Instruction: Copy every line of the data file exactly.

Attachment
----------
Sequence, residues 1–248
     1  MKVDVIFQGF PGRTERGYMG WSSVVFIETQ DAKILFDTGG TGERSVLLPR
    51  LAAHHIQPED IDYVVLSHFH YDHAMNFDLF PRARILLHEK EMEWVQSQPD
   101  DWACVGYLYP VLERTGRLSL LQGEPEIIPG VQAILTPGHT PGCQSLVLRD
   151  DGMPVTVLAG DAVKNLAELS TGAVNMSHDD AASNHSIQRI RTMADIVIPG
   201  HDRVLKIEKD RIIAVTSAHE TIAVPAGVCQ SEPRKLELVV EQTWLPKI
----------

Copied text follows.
Sequence, residues 1–248
     1  MKVDVIFQGF PGRTERGYMG WSSVVFIETQ DAKILFDTGG TGERSVLLPR
    51  LAAHHIQPED IDYVVLSHFH YDHAMNFDLF PRARILLHEK EMEWVQSQPD
   101  DWACVGYLYP VLERTGRLSL LQGEPEIIPG VQAILTPGHT PGCQSLVLRD
   151  DGMPVTVLAG DAVKNLAELS TGAVNMSHDD AASNHSIQRI RTMADIVIPG
   201  HDRVLKIEKD RIIAVTSAHE TIAVPAGVCQ SEPRKLELVV EQTWLPKI